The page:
So when I expect a char *** here, what I'm asking for is a pointer to an array of strings (aka character pointers or character arrays). The only thing insane about this is the syntax, and maybe the semantics (pointers and arrays are near enough the same that it's dangerous) but I've been working with C long enough that I just kind of accept it.

Now, just don't ask about char ****—that's just silly talk!

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Friday, February 24, 2023

A branchless segment of code to generate a printable hexadecimal value

I was an avid fan of assembly language back in my youth and I did a lot of it. And in that time, if I needed to convert a 4-bit quantity to a hexadecimal character, I would write the obvious code:

	; x86 code
		add	al,'0'
		cmp	al,'9'	; if '0'-'9', no adjustment needed
		jbe	skip	; otherwise, we need to adjust
		add	al,7	; the resulting character by 7
				; to get 'A'-'F'

Eight bytes and a branch instruction, and not many ways I could see to improve on that, until the other day when I came across this bit of code:

	; x86 code
		add	al,90h
		adc	al,40h

Not only does this convert a 4-bit value to a hexadecial character, but it's two bytes shorter and it's branchless!

Now, some might say this abuses the DAA instruction, but it works. And how it works is pretty clever I think. The DAA instruction exists to allow BCD arithmetic (back when it was a thing). For each 4-bits in a byte, the DAA instruction will check to see if it's in the range of 10 to 15 and if so, add 6 to that 4-bit value to bring it back into the 0 to 9 range, and propagate a carry bit (well, it's a bit more involved than that, but that will suffice for this post—you can check my MC6809 emulator for the gory details of the DAA instruction). By adding 0x90 (or 144 in decimal) to a 4-bit value then using DAA, a carry bit will be propagated if the initial value was 10 to 15; otherwise there's no carry to propagate. The ADC of 0x40 (or 64 decimal) will then add any carry of the previous two instructions into the lower four bits of the result, and the DAA will then adjust the upper 4-bits to be either 0x3 or 0x4 due to the previous addition of 0x90 (which causes the number to act like a negative number if the initial value was bewteen 0 and 9). And because of the carry if the initial 4-bit value was between 10 to 15, you get the required adjustment of 7 needed for values of 10 through 15.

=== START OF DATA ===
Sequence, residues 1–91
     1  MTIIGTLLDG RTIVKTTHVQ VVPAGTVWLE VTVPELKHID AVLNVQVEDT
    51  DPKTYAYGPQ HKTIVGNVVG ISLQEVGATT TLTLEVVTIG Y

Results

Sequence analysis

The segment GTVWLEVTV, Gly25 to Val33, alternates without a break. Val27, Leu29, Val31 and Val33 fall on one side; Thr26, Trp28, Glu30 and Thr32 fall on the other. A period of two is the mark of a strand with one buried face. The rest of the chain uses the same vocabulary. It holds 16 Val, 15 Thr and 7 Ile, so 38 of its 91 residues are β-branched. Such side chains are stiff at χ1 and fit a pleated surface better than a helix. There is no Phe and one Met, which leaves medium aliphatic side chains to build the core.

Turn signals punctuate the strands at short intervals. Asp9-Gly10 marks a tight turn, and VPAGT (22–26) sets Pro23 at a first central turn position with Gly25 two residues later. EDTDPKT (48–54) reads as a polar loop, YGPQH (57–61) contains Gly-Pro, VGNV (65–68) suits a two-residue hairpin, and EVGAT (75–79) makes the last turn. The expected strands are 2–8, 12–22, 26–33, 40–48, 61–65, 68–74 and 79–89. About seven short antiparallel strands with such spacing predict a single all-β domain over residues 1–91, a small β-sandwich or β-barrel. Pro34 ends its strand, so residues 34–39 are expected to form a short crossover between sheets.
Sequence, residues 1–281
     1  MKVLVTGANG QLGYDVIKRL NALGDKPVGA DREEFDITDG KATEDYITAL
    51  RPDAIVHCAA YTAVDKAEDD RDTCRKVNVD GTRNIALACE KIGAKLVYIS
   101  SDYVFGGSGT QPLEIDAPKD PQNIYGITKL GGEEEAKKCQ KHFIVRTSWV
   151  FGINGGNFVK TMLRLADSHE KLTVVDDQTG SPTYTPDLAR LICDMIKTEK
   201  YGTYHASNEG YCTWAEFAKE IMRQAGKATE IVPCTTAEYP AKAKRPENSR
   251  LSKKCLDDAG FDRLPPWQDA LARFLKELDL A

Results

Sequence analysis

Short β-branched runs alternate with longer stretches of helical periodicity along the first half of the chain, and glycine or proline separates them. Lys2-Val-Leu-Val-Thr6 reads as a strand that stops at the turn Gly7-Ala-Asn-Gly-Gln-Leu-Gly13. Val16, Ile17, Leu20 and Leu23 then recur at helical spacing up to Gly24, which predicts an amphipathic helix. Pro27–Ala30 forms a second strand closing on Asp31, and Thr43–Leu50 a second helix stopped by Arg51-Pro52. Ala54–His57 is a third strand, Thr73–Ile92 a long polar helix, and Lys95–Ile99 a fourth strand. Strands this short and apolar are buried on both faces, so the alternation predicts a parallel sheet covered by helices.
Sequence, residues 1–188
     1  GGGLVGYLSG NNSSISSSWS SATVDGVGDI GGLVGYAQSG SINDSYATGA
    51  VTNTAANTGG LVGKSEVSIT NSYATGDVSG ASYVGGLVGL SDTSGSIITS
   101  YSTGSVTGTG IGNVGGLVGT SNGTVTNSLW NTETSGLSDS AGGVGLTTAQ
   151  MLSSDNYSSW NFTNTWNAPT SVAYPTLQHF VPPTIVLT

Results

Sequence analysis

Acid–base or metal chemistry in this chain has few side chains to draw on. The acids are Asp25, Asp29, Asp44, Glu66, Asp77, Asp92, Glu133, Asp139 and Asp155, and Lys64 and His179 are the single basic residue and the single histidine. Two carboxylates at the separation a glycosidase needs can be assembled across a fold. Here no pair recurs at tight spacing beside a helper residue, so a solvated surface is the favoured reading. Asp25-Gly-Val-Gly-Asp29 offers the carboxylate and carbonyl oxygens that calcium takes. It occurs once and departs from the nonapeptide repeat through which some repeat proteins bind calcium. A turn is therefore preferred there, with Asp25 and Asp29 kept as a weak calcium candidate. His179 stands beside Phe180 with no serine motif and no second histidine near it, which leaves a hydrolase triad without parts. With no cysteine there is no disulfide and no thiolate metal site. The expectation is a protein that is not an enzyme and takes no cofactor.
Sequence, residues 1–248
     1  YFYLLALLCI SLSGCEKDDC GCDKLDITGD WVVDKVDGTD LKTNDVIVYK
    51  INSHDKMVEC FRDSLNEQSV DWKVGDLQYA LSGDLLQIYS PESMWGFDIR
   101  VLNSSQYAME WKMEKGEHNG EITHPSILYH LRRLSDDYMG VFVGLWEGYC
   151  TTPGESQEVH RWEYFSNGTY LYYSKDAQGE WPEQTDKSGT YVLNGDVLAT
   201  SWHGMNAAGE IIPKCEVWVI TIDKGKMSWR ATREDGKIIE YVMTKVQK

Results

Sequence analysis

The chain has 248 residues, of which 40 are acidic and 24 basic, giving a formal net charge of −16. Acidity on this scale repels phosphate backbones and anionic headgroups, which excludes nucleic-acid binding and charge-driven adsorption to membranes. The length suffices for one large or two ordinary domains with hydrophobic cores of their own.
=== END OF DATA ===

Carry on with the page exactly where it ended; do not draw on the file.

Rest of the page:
This means the result is 0x30 to 0x39 (the ASCII values of “0” to “9”) of the 4-bit values of 0 through 9, or 0x41 to 0x46 (the ASCII values of “A” to “F”) for values 10 through 15.

Quite ingenious really.

I found reference to what may be the origin of this sequence: the article “A Design Philosophy for Microcomputer Architectures” from the February 1977 edition of Computer (the code appears on the third page of the article), but it's unclear if the author came up with this on his own, or it was a known sequence at the time.

I just wish I found out about it earlier.